Excavation at Herculaneum was not resumed in earnest until 1927 when compressed-air drills, electric tools and bulldozers were available. This time the work was directed by archeologists.

Today, four square blocks of Herculaneum have been uncovered down to their cobblestoned streets, as well as the Forum, part of the Basilica which housed the administrative offices and law courts, and about half of the Palestra.

Visiting the city is like entering a time warp. Unlike Pompeii, where most of the buildings had collapsed, the majority of the Herculaneum buildings and their contents were preserved by the pyroclastic material that filled them. Doors and shutters still swing in their sockets. Bronze water faucets can be turned on and off.

Before the household objects were placed in cases to protect them from souvenir hunters, the rooms looked as though the occupants had just stepped out. A charred chicken leg was on a plate next to the sick boy's bed. In other homes, dressing tables were strewn with combs and cosmetics. Jewel cases were filled with rings, bracelets and brooches. Kitchen shelves were stacked with dishes, and pots and pans rested on charcoal stoves.

Time had also stopped in the stores and craftsmen's shops. Lying on the gem cutter’s workbench was the half-finished cameo. The bronze candelabrum still awaited repair in the tinker's shop. The oven in Sextus Patulcus' bakery held 80 loaves of bread.

But one important part of the Herculaneum time capsule was missing – the people. With only nine human skeletons discovered during the first 250 years of excavation, it had long been assumed that most of the population had escaped. But why would shopkeepers leave cash behind, or householders fail to take easily portable valuables found in homes throughout the city?

The mystery began to unravel in 1980, when workers installing an underground pump uncovered two human skeletons lying on the ancient beach. One, a stocky male, was nicknamed Helmsman by the archeologists because he was found next to an overturned boat. The second was a woman who became known as the Pretty Lady. Clearing more of the beach in 1982, the archeologists encountered 13 more skeletons. Among them was a soldier, identifiable by a sword and scabbard.

That same year, excavators drilled through the rock plugging the entrances to the stone arches under the seawall. Huddled in one arch were the remains of six adults, four children and the young nursemaid cradling her infant charge in her arms. In a second arch, 48 skeletons lay in rows. Heaped up in the third were the tangled skeletons of 19 humans and a horse.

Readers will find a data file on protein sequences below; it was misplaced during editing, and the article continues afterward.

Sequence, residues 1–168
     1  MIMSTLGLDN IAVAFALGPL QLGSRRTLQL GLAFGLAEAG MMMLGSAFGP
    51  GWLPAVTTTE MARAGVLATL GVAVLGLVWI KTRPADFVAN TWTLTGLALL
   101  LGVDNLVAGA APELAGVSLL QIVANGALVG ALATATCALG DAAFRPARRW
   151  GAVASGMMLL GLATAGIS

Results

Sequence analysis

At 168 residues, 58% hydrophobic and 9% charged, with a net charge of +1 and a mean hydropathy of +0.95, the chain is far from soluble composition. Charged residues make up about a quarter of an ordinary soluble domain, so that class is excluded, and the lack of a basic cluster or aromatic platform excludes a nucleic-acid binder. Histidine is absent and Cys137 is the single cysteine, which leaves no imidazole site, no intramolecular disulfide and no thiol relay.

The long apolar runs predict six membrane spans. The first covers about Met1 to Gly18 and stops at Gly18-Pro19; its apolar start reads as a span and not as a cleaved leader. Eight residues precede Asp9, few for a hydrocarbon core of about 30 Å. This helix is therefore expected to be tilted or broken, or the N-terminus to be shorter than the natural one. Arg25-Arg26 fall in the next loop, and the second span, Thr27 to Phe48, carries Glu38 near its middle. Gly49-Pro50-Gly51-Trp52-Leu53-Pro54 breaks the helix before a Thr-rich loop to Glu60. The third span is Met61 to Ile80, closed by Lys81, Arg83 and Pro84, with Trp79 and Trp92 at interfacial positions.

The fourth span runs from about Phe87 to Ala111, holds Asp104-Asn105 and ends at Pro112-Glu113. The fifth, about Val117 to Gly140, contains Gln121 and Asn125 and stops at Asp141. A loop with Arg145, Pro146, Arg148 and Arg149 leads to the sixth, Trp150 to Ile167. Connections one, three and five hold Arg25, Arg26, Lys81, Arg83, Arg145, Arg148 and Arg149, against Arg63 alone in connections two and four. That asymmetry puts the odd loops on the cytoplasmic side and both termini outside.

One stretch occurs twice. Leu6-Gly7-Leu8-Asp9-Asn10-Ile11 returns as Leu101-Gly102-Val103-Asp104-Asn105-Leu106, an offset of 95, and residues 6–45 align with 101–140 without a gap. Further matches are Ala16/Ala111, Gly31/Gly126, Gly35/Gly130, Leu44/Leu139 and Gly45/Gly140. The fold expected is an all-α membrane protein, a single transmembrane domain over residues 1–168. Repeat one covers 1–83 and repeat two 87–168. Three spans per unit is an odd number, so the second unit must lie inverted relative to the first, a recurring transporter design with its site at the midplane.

The victims had died an agonizing death, as their contorted jaws and flailing arms and legs revealed. But many appear more concerned for others than for themselves. A mother crouched over a child trying to protect it with one hand, while she cuddled a baby to her with the other. A husband and wife clung together, shielding a child between their bodies.

Sealed in volcanic rock and kept wet by groundwater percolating through the soil, the nearly 200 skeletons are marvelously preserved, some retaining bits of tissue and patches of hair. To prevent their bones from quickly decaying once exposed to air.

The subsequent studies of the skeletons tell us more about the habits and physical characteristics of the Romans than we have ever known before. The men averaged five feet seven inches in height, the women five feet two. They were generally well nourished, muscular and healthy, although a few bones showed evidence of arthritis, anemia and lead deposits. Their teeth were exceptionally good.

Practically the only people who did not enjoy good health were the slaves. The leg bones of the 46-year-old Helmsman were flattened from incessant labor plus poor nutrition. The constant strain on his back may have twisted his spine and fused six of the vertebrae together.

HERCULANEUM will make news for decades to come. A large part of the city still encased in rock, it has been called “archeology’s most flagrant unfinished business.” Waiting to be exhumed are temples, a theatre, magnificent villas, a covered market and dwellings and shops. 

Posted On : February 18 ,2014 13 : 9